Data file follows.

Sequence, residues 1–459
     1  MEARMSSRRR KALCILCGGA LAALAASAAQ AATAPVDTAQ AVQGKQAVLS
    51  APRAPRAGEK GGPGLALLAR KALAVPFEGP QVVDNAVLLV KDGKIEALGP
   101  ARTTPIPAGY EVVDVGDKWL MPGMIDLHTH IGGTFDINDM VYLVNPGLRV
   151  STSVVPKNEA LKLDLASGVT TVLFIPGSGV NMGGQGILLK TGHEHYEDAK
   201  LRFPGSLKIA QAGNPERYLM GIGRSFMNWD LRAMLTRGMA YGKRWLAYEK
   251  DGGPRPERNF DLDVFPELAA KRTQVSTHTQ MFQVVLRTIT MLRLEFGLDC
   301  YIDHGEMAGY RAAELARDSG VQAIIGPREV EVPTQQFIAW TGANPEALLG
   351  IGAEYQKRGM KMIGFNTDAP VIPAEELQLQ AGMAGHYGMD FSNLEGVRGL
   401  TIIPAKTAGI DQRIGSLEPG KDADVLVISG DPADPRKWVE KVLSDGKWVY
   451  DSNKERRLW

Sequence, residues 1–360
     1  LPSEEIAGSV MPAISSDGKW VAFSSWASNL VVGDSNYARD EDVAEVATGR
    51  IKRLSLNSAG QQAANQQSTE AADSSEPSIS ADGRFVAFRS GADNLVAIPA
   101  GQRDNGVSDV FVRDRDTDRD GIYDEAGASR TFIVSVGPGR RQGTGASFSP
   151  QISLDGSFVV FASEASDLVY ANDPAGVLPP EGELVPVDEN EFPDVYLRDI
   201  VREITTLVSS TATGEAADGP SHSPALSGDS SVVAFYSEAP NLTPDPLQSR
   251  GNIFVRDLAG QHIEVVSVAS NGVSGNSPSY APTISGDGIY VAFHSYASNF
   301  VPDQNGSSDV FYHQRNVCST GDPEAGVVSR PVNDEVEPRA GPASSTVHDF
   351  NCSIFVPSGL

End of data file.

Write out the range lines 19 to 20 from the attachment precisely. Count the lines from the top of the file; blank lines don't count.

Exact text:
   301  VPDQNGSSDV FYHQRNVCST GDPEAGVVSR PVNDEVEPRA GPASSTVHDF
   351  NCSIFVPSGL